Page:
Download BriefDownload Report PDF (1,932.11 KB)
- File Size: 1,932.11 KB
- Pages: 26
- Published: 2021
- What factors are associated with sexual risk avoidance, and how do they influence youth’s decisions to not engage in sexual activity?
- What factors are associated with sexual risk cessation, and how do they influence youth’s decisions to discontinue sexual activity after having engaged in it?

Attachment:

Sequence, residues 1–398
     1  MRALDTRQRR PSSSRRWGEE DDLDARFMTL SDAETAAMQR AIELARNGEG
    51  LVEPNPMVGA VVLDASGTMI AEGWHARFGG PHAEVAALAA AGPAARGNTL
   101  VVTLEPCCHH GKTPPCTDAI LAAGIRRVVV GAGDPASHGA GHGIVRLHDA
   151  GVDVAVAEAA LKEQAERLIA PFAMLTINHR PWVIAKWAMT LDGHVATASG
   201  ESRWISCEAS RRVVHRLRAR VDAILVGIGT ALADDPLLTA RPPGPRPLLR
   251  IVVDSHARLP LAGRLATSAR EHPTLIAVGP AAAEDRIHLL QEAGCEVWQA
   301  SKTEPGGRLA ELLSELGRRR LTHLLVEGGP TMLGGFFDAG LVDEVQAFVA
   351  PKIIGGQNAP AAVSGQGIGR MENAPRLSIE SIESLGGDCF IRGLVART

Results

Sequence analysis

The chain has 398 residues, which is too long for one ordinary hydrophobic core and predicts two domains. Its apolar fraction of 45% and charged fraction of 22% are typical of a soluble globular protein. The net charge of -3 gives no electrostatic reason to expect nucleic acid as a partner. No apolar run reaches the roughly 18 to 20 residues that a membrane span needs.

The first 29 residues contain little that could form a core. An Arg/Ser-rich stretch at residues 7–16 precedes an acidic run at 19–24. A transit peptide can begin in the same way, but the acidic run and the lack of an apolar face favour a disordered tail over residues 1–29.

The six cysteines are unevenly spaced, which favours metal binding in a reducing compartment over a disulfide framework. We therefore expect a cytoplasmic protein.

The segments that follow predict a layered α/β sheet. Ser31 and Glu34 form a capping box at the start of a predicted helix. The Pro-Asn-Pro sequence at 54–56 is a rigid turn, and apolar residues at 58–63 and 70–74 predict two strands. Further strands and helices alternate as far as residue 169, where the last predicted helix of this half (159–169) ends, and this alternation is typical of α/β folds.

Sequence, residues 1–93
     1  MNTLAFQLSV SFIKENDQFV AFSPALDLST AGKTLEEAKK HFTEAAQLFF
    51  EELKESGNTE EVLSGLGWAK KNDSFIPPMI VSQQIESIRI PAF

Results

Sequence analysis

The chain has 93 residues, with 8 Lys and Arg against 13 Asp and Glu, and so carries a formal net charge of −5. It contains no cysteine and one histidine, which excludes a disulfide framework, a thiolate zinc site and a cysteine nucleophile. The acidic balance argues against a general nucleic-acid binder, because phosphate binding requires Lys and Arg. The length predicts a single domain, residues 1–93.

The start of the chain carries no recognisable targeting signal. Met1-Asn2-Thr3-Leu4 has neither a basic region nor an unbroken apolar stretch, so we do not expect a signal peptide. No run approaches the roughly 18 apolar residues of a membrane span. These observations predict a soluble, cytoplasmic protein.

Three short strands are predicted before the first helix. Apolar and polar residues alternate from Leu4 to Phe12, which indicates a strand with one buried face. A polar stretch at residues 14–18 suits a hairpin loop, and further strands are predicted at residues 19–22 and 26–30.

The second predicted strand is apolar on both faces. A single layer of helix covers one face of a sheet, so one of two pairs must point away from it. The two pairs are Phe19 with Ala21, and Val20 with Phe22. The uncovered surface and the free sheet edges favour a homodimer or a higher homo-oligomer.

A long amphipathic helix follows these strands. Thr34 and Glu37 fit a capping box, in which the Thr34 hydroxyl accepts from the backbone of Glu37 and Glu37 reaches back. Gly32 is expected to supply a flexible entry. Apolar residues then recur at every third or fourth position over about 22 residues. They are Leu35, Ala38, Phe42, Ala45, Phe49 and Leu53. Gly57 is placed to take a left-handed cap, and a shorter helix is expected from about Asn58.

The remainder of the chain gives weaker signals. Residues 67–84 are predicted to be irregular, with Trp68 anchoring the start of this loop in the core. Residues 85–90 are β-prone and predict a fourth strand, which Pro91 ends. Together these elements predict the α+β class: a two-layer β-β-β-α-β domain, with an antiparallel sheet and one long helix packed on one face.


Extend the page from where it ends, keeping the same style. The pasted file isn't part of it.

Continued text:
Policymakers and practitioners are interested in identifying strategies and approaches to empower youth to make informed decisions that promote optimal health. Such decisions include the avoidance and cessation of sexual risk. Identifying the factors that influence youth’s decisions to avoid or cease sexual activity can support policymakers, practitioners, developers, and public health officials as they develop and implement programming to improve risk-related outcomes. To explore the factors that influence youth’s sexual decision making and behavior, the Administration for Children and Families (ACF), within the U.S. Department of Health and Human Services (HHS), directed Mathematica to develop two complementary conceptual models to illustrate the factors that influence behavioral outcomes related to sexual risk avoidance and cessation among youth. After an initial development period, Mathematica refined the two models based on additional information and analysis. This work is sponsored by the Office of the Assistant Secretary for Health at HHS and overseen by ACF’s Office of Planning, Research, and Evaluation.